Baked bean baby is ‘a little fighter’

Amber-May Bass weighed less than a tin of beans when she was born at West Suffolk Hospital in August. Now, after nearly three motnhs of neo-natal care and after reaching a weight of nearly 4lb, she has returned home.''Pictured:Parents Nikkie and Andrew and sister Jenna-Rose.
Amber-May Bass weighed less than a tin of beans when she was born at West Suffolk Hospital in August. Now, after nearly three motnhs of neo-natal care and after reaching a weight of nearly 4lb, she has returned home.''Pictured:Parents Nikkie and Andrew and sister Jenna-Rose.
0
Have your say

A baby who, when born, weighed less than a tin of baked beans is settling into life at home with her family after months in neonatal care.

Amber-May Bass was 15 weeks premature when she was delivered by emergency caesarean section at West Suffolk Hospital on August 3.

Amber-May Bass weighed less than a tin of beans when she was born at West Suffolk Hospital in August. Now, after nearly three motnhs of neo-natal care and after reaching a weight of nearly 4lb, she has returned home.''Pictured:Parents Nikkie and Andrew and sister Jenna-Rose.

Amber-May Bass weighed less than a tin of beans when she was born at West Suffolk Hospital in August. Now, after nearly three motnhs of neo-natal care and after reaching a weight of nearly 4lb, she has returned home.''Pictured:Parents Nikkie and Andrew and sister Jenna-Rose.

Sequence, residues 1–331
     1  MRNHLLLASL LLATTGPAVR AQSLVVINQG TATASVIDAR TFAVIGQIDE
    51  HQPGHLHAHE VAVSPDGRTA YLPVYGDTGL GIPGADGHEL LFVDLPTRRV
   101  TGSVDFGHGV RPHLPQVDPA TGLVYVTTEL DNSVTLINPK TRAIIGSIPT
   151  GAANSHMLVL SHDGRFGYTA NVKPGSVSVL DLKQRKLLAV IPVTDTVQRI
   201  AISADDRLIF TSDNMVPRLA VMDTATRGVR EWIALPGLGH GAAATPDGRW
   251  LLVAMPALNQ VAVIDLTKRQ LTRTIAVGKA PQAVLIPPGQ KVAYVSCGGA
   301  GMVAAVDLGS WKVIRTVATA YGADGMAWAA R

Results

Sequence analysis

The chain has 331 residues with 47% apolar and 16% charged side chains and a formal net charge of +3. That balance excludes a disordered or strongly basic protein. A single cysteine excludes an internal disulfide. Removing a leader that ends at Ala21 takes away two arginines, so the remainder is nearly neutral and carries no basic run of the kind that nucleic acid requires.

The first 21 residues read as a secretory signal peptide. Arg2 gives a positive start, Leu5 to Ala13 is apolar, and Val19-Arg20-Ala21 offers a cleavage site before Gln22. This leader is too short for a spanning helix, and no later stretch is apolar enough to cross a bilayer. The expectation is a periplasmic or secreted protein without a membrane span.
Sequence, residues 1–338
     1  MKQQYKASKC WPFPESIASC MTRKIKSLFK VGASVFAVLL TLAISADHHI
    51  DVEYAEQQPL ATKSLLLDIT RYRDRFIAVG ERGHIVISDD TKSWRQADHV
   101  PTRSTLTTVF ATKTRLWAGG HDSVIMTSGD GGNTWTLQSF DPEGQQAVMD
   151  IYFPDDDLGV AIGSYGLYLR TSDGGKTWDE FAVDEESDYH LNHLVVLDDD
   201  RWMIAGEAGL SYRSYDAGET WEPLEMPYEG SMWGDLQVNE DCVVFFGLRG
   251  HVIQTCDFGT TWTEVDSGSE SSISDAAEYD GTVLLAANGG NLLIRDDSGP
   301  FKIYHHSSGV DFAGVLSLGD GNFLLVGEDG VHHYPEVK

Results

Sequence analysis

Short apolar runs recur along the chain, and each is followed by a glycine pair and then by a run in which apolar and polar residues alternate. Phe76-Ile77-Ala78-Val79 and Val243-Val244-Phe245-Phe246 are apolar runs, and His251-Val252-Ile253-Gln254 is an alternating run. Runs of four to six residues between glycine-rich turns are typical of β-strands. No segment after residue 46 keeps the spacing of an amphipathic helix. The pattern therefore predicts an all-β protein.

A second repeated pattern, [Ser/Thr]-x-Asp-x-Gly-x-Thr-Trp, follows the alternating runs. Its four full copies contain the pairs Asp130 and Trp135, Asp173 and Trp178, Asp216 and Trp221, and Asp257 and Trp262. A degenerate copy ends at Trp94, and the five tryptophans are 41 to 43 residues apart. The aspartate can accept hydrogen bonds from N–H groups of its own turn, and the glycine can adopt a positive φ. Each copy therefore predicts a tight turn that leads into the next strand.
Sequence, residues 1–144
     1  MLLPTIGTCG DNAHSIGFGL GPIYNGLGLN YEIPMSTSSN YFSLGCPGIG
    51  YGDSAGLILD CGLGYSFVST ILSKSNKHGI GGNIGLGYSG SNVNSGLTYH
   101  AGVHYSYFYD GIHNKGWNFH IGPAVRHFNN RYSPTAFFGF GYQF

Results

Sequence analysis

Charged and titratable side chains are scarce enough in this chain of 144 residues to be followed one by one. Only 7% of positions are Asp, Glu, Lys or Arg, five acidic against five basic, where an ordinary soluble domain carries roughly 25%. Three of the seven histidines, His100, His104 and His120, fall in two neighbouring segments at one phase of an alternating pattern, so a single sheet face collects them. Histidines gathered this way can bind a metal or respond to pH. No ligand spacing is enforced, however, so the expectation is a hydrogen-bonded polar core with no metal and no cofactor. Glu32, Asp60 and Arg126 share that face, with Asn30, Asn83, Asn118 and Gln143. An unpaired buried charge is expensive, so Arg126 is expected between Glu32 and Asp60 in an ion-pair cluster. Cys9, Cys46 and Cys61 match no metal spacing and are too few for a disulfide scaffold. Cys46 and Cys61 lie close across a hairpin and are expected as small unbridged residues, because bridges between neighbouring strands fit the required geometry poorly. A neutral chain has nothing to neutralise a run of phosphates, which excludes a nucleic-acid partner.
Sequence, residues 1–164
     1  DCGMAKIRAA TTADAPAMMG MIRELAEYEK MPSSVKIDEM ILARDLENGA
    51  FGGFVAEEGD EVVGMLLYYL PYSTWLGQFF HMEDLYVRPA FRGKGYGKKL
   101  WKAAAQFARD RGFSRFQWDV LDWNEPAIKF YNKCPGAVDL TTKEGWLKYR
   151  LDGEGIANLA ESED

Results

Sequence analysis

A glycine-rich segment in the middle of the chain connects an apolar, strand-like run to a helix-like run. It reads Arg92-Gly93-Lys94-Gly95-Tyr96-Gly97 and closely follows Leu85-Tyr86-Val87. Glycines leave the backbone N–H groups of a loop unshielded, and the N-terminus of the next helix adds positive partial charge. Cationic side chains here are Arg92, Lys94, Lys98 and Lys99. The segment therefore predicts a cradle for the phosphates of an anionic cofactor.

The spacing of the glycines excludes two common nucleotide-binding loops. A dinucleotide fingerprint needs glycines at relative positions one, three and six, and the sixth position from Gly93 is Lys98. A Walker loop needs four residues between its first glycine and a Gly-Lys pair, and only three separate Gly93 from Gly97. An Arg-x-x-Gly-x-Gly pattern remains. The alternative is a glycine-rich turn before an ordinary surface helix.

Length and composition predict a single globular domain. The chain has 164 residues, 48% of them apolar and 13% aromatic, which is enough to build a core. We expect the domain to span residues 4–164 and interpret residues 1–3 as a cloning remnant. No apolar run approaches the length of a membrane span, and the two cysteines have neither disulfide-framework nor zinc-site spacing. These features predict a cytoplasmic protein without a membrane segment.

Lighter than 1lb, she weighed less than a standard 400 grams tin of baked beans.

It is thought she is the smallest baby ever to have been born at the Bury St Edmunds hospital and survived.

On Wednesday, two days before her due date, the now almost 4lb girl was allowed home with parents Nikkie Palmer and Andrew Bass, and her big sister Jenna-Rose.
“We’re just taking each day as it comes,” said Nikkie, “but it’s great to finally have her home.”

“We thought it would be in the New Year some time so it’ll be great to have her here for Christmas,” said Andrew,27.

“She’s the best present we could ever have hoped for,” added Nikkie, 34.

Amber-May’s early arrival became necessary after doctors discovered a blood clot under Nikkie’s placenta.

The couple, from Stowmarket, were warned about the dangers of having a premature baby.

Nikkie said: “We had an hour or two to decide what to do. We told the doctor that she was made with love and we were going to fight all the way for her.”

Within eight hours of being born, Amber-May was transferred from West Suffolk to Addenbrooke’s, in Cambridge. Ten weeks later she returned to Bury, one step closer to home.

Nikkie said: “When she was born we were told to expect the worst.

“She was given antibiotics and was hooked up to lots of drips and monitors. It was quite scary to walk in and see it all, especially as she was so tiny.”

One of the hardest things for the new parents was not being able to hold their daughter and only being able to touch her through an incubator.

Andrew said: “All we could do for the first few weeks was put our hands in and comfort her. We were living every day minute by minute. It was awful.”

While Nikkie stayed in Cambridge, Andrew visited every night and friends helped out where they could with six-year-old Jenna-Rose, who has been ‘really understanding’ .

Nikkie said: “It was a very testing time for our relationship. You have to keep your family strong and together and keep praying every day.”

Reflecting on the experience, this week she said: “It’s been a total roller coaster, with some of the best times and the worst times of our lives.”